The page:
Friday, August 15, 2008

Life's Kaleidoscope

"Life is a train of moods like a string of beads; and as we pass through them they prove to be many colored lenses, which paint the world their own hue, and each shows us only what lies in its own focus"

Ralph Waldo Emerson

I have been feeling somewhat dissatisfied over the fact that I have not been posting here everyday. Somehow the hours just slip away and from wake-up to shut-eye, I am in another world so different to the one I experience when I sit down to compose a post. Perhaps I am finding these two worlds impossible to straddle. Perhaps it is silly to even try!

Life here is unnervingly different to what I am used to. Crime, particularly robbery and theft, is rampant. At least three out of five people I meet have been robbed, most more than once and almost all in broad daylight in the midst of terrified onlookers.

On the weekend, my nephew, a strapping young man of nineteen, was hit on the head with a helmet by two young men not much older than him. They had lured him to assist an elderly man who had been dealt a similar blow earlier and who was lying on the ground groaning from pain and shock. All this to relieve him and my nephew of their mobile phones! My nephew was able to make a quick getaway despite his injury. The elderly gentleman, however, was not as fortunate. The last we heard, he was still recovering in hospital from shock. Two other teenage boys who had witnessed the entire event felt powerless to help.

It was this same nephew’s older sister who had been twice robbed a couple of years ago by a couple of motorcycle snatch thieves. In the second incident, my daughter, here on holiday, was with her and was threatened with a knife to part with her handbag. She did and so escaped physical harm. To think that the incident happened at the front gate of our house!

A few days ago, I was told of the recent murders of two people who are relatives of close friends and just the other day, my eighteen year old niece described the loss of five friends in road accidents last year. I am told this country, Malaysia, has one of the highest, if not the highest, road fatality rates in the world.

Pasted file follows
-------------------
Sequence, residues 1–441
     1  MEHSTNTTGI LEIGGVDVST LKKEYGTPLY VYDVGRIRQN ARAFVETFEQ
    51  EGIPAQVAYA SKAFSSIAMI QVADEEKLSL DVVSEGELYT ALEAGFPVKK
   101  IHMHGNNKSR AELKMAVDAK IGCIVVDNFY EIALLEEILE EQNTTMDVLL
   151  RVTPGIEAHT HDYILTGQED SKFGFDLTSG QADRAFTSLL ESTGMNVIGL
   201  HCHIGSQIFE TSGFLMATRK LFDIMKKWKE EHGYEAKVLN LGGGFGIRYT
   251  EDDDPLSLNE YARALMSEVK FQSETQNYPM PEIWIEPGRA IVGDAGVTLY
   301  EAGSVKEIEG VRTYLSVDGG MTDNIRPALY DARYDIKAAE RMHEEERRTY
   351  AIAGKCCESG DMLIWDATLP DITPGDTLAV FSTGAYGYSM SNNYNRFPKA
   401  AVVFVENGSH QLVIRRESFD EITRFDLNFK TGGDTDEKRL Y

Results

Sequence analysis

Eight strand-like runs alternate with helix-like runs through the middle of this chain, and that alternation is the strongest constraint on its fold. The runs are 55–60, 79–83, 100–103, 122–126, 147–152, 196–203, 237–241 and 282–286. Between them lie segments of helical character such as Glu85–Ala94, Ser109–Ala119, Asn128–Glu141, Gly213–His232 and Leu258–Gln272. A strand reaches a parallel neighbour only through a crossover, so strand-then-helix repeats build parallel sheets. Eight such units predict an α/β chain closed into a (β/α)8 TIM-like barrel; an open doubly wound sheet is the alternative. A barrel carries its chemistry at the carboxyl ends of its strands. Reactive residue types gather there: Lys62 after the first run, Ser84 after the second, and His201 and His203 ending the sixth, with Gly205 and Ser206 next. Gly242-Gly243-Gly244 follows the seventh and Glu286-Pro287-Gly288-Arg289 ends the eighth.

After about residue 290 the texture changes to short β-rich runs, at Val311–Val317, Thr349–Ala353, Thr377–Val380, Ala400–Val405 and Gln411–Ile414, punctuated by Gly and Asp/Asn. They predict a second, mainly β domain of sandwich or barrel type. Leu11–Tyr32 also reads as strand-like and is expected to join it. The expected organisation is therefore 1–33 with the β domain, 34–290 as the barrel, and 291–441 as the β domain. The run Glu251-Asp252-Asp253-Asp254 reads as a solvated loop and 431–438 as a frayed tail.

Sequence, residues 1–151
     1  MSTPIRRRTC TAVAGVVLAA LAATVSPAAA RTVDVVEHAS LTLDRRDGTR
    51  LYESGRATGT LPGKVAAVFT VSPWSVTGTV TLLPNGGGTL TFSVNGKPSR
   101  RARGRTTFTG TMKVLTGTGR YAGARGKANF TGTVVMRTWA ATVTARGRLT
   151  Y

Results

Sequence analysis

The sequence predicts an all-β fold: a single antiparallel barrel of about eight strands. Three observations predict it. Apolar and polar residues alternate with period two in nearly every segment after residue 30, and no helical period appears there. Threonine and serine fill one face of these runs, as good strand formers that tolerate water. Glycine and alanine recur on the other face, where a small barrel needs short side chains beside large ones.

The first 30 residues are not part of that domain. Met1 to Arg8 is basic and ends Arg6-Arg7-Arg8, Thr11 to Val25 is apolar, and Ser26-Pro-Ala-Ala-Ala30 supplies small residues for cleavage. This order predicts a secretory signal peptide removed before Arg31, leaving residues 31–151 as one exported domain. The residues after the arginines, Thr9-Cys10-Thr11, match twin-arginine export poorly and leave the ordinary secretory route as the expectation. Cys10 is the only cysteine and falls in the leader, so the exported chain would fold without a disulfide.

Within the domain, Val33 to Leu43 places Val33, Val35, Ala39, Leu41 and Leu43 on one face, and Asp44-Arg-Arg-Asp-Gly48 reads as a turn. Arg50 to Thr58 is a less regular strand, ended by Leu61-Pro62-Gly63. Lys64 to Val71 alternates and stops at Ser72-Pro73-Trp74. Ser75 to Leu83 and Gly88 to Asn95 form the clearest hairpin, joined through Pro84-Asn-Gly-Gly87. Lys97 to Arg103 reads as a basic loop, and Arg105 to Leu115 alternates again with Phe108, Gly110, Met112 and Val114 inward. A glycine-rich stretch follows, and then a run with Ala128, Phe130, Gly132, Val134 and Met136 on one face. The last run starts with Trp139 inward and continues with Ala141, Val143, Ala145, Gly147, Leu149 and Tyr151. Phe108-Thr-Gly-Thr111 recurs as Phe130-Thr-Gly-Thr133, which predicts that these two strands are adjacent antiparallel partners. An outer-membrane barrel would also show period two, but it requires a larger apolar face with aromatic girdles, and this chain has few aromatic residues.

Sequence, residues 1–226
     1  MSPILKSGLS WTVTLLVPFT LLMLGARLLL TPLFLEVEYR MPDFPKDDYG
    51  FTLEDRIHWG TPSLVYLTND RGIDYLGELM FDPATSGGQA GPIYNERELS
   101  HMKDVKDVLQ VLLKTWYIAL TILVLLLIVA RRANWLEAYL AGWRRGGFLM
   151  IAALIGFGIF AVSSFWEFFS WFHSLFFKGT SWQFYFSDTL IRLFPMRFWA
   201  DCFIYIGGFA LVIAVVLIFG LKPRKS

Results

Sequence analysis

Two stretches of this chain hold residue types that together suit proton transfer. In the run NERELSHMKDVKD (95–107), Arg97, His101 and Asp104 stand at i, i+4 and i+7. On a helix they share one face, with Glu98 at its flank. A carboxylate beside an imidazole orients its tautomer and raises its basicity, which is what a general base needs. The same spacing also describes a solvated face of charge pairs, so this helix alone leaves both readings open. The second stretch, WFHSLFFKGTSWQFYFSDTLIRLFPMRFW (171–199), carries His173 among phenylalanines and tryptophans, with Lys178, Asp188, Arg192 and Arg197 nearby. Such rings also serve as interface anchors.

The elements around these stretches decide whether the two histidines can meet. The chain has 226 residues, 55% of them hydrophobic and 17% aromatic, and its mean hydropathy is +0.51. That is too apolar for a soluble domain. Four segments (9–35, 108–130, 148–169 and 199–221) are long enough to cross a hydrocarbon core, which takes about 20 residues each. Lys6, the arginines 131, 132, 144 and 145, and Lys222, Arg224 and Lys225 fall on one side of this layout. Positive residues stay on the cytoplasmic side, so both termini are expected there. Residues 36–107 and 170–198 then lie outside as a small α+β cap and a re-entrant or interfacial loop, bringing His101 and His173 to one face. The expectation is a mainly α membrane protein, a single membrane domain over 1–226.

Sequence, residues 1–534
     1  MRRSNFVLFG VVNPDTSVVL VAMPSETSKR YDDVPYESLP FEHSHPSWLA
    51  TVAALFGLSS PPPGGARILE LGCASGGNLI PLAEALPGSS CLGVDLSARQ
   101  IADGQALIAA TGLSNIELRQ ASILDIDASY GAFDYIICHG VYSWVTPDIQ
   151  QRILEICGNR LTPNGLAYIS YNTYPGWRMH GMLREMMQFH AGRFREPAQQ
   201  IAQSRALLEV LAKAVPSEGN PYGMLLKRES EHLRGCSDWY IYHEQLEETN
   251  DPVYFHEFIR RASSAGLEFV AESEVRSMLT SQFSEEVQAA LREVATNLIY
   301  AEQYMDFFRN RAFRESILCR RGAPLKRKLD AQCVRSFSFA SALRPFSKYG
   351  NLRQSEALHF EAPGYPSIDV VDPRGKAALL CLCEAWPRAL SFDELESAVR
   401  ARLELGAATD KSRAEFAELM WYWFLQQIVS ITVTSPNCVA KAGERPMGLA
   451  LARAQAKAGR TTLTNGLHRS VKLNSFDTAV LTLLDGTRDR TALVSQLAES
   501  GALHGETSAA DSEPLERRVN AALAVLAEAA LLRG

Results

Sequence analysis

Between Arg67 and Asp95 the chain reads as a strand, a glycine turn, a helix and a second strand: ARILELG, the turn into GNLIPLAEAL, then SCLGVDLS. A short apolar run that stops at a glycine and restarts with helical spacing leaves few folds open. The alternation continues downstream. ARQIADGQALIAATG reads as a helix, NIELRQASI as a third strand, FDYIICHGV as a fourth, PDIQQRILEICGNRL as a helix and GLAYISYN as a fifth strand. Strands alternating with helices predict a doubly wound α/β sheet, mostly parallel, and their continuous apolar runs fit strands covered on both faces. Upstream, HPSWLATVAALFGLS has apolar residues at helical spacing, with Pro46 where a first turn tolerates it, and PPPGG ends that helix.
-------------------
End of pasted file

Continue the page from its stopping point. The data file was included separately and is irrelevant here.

All of this happens against the backdrop of incessant rumbles – allegations of corruption within the government and its racially discriminatory practices. Prominent political figures seem to be prone to notoriety relating to crimes ranging from bribery to murder.

You can see why I feel this world is so vastly different to the comparatively peaceful and placid world I inhabit in Brisbane and frequently in front of the screen of my laptop. But to leave you with the impression that this is the sum total of life here would be unfair and untruthful. In the middle of this festering wound of Malaysian society, I have met so many caring souls, several of whom volunteer their services for the hidden faces of this same society – the poor and the marginalized.

Take, for instance, a family friend who dropped in to visit my mother and my brother, Joe, (who is very slowly recovering from a surgery that left him bedridden for several months). A retired teacher, she now volunteers at an orphanage. A significant part of her time is spent tracing or submitting applications for birth certificates for the abandoned children.

Or there’s the sister of an ex-classmate who works at a school for children with learning difficulties. And another family friend works as a volunteer fundraiser for the homeless. And so it goes on. These people and their services leave me with just as, if not more, powerful and empowering impressions than do the callous acts of others.

It is as if I am being offered a choice of views of heaven and hell. It only requires a slight adjustment of attention to bring heaven into view. And it takes an equally small adjustment to bring up the horrors of hell on the screen of my mind!

"Every man takes the limits of his own field of vision for the limits of the world".

Albert Schopenhauer